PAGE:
As chants of 'Lee Chong Wei Boleh' filled the hall, the man in question, did not disappoint. 'Malaysia Boleh' (the national cry) when translated, means 'Malaysia can'.
Unlike last year's surprising loss in the final, fans who put their faith in the world No 1 shuttler, went home satisfied on Sunday evening.
It took the two-time Olympic silver-medallist some time, 62 minutes to be precise, and a few tense moments, but in the end he clinched his second India Open Super Series title.
"It's for Kingston," said Lee, dedicating the 21-15, 18-21, 21-17 victory over Kenichi Tago to his baby boy.
Relieved to not go down last year's path? "Oh yes, very," he laughed. "But I always seem to lose the second game!"
Sixth straight loss
The rut started in London when she lost in the round of 16 to the rising shuttler from Thailand. Since then to this day, the count stands at six.
"Everyone at London kept saying I lost to a youngster, but look at her now," exclaimed world No 4 Juliane Schenck. The German was vying for her first title in India but was halted by Thai teenager Ratchanok Intanon in 45 minutes.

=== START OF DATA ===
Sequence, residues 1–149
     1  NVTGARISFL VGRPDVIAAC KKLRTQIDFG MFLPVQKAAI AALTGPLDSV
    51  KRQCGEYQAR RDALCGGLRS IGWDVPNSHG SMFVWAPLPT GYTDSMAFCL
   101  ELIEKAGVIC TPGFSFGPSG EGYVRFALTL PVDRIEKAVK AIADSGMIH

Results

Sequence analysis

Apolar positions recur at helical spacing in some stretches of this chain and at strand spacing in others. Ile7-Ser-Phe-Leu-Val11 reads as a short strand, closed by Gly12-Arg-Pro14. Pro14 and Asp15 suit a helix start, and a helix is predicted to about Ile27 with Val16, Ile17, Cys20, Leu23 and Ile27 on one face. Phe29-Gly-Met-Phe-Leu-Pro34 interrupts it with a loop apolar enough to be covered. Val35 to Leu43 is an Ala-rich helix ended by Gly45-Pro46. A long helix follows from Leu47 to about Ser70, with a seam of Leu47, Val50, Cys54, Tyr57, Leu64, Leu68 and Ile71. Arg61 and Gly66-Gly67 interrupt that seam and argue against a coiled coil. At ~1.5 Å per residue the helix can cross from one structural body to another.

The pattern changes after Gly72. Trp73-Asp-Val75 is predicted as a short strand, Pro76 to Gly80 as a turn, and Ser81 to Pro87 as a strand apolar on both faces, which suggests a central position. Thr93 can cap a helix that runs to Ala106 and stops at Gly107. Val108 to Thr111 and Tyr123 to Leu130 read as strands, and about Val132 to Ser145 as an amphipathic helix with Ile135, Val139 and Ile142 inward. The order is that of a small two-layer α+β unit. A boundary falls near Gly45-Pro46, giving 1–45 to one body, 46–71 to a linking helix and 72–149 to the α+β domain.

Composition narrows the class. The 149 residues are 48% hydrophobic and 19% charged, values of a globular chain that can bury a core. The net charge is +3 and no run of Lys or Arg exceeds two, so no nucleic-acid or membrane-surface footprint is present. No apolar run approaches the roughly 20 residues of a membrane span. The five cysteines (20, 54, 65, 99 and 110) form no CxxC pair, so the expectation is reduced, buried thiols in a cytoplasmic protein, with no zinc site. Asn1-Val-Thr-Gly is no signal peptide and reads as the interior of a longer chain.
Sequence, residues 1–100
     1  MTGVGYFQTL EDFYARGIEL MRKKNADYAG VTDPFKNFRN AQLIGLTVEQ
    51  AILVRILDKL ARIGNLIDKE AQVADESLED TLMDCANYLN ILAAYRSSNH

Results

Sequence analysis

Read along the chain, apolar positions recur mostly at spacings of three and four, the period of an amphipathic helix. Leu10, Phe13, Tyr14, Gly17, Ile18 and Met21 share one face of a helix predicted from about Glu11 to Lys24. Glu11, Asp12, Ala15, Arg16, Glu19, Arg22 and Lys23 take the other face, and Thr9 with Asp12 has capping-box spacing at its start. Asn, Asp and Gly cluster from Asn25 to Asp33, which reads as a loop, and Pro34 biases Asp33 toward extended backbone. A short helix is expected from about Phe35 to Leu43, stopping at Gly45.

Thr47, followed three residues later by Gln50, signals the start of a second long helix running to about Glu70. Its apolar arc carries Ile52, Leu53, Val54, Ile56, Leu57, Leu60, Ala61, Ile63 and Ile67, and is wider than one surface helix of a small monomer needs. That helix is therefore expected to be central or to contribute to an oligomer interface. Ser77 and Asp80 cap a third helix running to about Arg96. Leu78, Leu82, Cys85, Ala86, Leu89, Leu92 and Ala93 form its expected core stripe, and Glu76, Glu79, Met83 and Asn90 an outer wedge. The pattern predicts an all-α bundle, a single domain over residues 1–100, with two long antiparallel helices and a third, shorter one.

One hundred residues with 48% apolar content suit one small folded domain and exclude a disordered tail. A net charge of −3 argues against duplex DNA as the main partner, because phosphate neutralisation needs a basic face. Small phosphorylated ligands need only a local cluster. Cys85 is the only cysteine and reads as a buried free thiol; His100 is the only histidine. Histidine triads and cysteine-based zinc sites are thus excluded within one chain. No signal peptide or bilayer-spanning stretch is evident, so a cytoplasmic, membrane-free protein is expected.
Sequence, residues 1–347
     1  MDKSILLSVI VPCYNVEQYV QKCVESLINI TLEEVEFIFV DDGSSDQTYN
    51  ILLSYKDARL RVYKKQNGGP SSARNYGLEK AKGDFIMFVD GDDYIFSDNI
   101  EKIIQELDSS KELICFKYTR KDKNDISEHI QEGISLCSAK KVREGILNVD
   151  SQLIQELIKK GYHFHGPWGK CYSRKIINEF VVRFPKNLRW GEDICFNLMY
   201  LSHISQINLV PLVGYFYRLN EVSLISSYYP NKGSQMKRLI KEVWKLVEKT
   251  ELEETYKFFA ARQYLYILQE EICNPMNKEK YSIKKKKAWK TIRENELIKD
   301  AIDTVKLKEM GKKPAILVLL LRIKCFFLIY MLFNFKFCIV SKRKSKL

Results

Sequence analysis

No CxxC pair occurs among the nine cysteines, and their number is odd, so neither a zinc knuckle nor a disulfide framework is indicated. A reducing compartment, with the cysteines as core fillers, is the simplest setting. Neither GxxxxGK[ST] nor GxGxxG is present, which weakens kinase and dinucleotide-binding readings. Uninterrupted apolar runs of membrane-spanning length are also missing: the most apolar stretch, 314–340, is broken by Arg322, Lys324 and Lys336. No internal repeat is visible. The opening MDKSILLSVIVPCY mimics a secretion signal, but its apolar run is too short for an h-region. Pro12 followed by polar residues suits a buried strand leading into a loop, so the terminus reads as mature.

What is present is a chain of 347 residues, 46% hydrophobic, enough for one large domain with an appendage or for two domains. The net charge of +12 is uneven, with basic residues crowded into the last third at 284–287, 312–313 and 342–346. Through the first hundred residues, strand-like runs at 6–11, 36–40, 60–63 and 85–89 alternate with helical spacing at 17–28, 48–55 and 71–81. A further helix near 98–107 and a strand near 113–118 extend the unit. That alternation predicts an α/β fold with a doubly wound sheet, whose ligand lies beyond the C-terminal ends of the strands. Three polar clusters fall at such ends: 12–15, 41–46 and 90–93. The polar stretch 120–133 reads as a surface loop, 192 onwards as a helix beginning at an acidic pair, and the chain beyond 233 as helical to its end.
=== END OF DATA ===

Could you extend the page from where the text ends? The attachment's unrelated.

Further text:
Playing a fantastic net game, the 18-year-old world No 6 caught Schenk on the wrong foot plenty of times on way to her first Super Series victory.
In the process, however, Ratchanok made unforced errors. "I was hurrying to finish," the shy teen explained via a translator after the 22-20, 21-14 win.
Lee faced off against Tago, the world No 9, for the 13th time at Siri Fort. With a perfect record against the Japanese, the Malaysian had no interest in ruining it.
After Lee ran away with the first game, Tago came back strongly in the second.
His frequent winners left Lee's fans tense in the decider, but in the end the unforced errors got to him.
When Lee smashed a crosscourt winner on match point, the noise from the stands could have easily surpassed permissible limits.